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Christopher I. Shaffrey and Justin S. Smith

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Thomas J. Buell, Davis G. Taylor, Ching-Jen Chen, Christopher I. Shaffrey, Justin S. Smith and Shay Bess

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Gregory D. Schroeder, Nik Hjelm, Alexander R. Vaccaro, Michael S. Weinstein and Christopher K. Kepler

OBJECTIVE

The aim of this paper was to compare the severity of the initial neurological injury as well as the early changes in the American Spinal Injury Association (ASIA) motor score (AMS) between central cord syndrome (CCS) patients with and without an increased T2 signal intensity in their spinal cord.

METHODS

Patients with CCS were identified and stratified based on the presence of increased T2 signal intensity in their spinal cord. The severity of the initial neurological injury and the progression of the neurological injury over the 1st week were measured according to the patient's AMS. The effect of age, sex, congenital stenosis, surgery within 24 hours, and surgery in the initial hospitalization on the change in AMS was determined using an analysis of variance.

RESULTS

Patients with increased signal intensity had a more severe initial neurological injury (AMS 57.6 vs 75.3, respectively, p = 0.01). However, the change in AMS over the 1st week was less severe in patients with an increase in T2 signal intensity (−0.85 vs −4.3, p = 0.07). Analysis of variance did not find that age, sex, Injury Severity Score, congenital stenosis, surgery within 24 hours, or surgery during the initial hospitalization affected the change in AMS.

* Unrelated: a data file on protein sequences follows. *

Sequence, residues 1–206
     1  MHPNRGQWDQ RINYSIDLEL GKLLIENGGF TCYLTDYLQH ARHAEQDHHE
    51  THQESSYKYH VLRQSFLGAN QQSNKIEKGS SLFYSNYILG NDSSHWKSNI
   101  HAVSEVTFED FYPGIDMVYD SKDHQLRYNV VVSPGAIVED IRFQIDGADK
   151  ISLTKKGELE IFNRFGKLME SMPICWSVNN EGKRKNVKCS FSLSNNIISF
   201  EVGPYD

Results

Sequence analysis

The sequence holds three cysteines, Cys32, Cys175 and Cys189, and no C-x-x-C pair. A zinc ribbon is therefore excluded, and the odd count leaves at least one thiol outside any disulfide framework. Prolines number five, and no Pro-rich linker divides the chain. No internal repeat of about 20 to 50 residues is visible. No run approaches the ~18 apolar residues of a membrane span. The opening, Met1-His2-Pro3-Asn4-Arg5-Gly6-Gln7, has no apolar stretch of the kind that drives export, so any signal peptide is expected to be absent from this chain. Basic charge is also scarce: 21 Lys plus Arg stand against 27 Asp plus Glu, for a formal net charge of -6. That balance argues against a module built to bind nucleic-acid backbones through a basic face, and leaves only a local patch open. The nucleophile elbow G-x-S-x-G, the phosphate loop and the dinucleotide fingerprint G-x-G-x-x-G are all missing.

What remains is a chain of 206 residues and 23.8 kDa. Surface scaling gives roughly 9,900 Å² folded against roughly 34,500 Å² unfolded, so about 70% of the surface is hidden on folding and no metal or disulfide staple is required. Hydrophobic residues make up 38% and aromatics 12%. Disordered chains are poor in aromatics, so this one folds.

CONCLUSIONS

The neurological injury is different between patients with and without an increased T2 signal intensity. Patients with an increased T2 signal intensity are likely to have a more severe initial neurological deficit but will have relatively minimal early neurological deterioration. Comparatively, patients without an increase in the T2 signal intensity will likely have a less severe initial injury but can expect to have a slight decline in neurological function in the 1st week.

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Time is spine: a review of translational advances in spinal cord injury

JNSPG 75th Anniversary Invited Review Article

Jetan H. Badhiwala, Christopher S. Ahuja and Michael G. Fehlings

Acute traumatic spinal cord injury (SCI) is a devastating event with far-reaching physical, emotional, and economic consequences for patients, families, and society at large. Timely delivery of specialized care has reduced mortality; however, long-term neurological recovery continues to be limited. In recent years, a number of exciting neuroprotective and regenerative strategies have emerged and have come under active investigation in clinical trials, and several more are coming down the translational pipeline. Among ongoing trials are RISCIS (riluzole), INSPIRE (Neuro-Spinal Scaffold), MASC (minocycline), and SPRING (VX-210). Microstructural MRI techniques have improved our ability to image the injured spinal cord at high resolution. This innovation, combined with serum and cerebrospinal fluid (CSF) analysis, holds the promise of providing a quantitative biomarker readout of spinal cord neural tissue injury, which may improve prognostication and facilitate stratification of patients for enrollment into clinical trials. Given evidence of the effectiveness of early surgical decompression and growing recognition of the concept that “time is spine,” infrastructural changes at a systems level are being implemented in many regions around the world to provide a streamlined process for transfer of patients with acute SCI to a specialized unit. With the continued aging of the population, central cord syndrome is soon expected to become the most common form of acute traumatic SCI; characterization of the pathophysiology, natural history, and optimal treatment of these injuries is hence a key public health priority. Collaborative international efforts have led to the development of clinical practice guidelines for traumatic SCI based on robust evaluation of current evidence. The current article provides an in-depth review of progress in SCI, covering the above areas.